What I see in the Khan Academy offering is one of the kinds of scaffolding that Cindy and I talked about. Scaffolding is an idea (first defined by Wood, Pruner, and Ross) which does involve letting students explore, but under the guidance of a tutor. A teacher in scaffolding doesn’t “point out novel ways of accomplishing the task.” Instead, the teacher models the process for the student, coaches the student while they’re doing it, and gets the student to explain what they’re doing. A key part of scaffolding is that it fades — the student gets different kinds of support at different times, and the support decreases as the student gets more expert. I built a form of adaptable scaffolding in my 1993 dissertation project, Emile, which supported students building physics simulations in Hyper Talk. Yes, students using Emile could click on variables and fill in their values without directly editing the code, but there was also process guidance (“First, identify your goals; next, find your components in the Library”) and prompts to get students to reflect on what they’re doing. And the scaffolding could be turned on or off, depending on student expertise.
I wouldn’t really call what Khan Academy has “scaffolding,” at least, not the way that Cindy and I defined it, nor in a way that I find compatible with Wood, Pruner, and Ross’s original definition. There’s not really a tutor or a teacher. There are videos as I learned from this blog post, and later found for myself. The intro video (currently available on the main Khan Academy page) says that students should just “intuit” how the code works. Really? There’s a lot more of this belief that students should just teach themselves what code does. The “scaffolding” in Khan Academy has no kind of process modeling or guidance, nothing to explain to students what they’re doing or why, nothing to encourage them to explain it to themselves.
It is a very cool text editor. But it’s a text editor. I don’t see it as a revolution in computer science education — not yet, anyway. Now, maybe it’s way of supporting “collaborative floundering” which has been suggested to be even more powerful than scaffolding as a learning activity. Maybe they’re right, and this will be the hook to get thousands of adolescents interested in programming. (I wonder if they tested with any adolescents before they released?) Khan has a good track record for attracting attention — I look forward to seeing where this goes.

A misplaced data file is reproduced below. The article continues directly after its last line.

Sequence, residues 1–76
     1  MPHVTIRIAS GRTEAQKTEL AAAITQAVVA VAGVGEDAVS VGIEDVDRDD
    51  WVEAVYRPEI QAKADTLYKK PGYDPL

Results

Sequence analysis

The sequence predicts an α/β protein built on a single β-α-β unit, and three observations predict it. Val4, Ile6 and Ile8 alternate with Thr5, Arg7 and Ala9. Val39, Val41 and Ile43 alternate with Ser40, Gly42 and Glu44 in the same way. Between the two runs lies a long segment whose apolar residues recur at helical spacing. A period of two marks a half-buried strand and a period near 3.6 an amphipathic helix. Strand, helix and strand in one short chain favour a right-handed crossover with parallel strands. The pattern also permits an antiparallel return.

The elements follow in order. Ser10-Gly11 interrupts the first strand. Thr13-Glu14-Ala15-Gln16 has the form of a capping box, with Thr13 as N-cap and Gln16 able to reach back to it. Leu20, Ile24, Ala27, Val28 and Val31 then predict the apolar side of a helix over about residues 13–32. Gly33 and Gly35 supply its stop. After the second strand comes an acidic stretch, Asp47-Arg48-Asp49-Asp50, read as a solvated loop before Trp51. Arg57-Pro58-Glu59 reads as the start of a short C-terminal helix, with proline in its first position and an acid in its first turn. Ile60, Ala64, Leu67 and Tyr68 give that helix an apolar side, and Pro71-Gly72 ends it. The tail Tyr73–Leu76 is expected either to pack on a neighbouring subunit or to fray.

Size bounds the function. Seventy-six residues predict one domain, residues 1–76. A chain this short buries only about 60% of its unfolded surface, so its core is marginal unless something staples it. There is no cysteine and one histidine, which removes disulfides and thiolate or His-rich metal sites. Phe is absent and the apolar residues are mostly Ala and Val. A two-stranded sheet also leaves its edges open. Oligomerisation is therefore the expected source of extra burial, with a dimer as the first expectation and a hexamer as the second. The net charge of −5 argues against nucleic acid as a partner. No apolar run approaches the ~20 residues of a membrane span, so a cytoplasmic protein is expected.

- The heart of the design places a simplified, interactive text editor that sits adjacent to the code’s drawing output, which updates in real time as students explore how different variables and numbers change the size, shapes, and colors of their new creation. An optional video guides students through the lesson, step-by-step, and, most importantly, can be paused at any point so that they can tinker with the drawing as curiosity and confusion arise during the process.
- This part is key: learning is contextual and idiosyncratic; students better absorb new material if they can learn at their own pace and see the result of different options in real time.
- The pedagogy fits squarely into what educators called “ scaffold ed problem-based learning” students solve real-life problems and are encouraged to explore, but are guided by a teacher along the way, who can point out novel ways of accomplishing the task. Scaffold ed learning acknowledges that real-life problems always have more than one path to a solution, that students learn best by doing, and that curiosity should drive exploration. This last point is perhaps the most important, since one of the primary barriers to boosting science-related college majors is a lack of interest.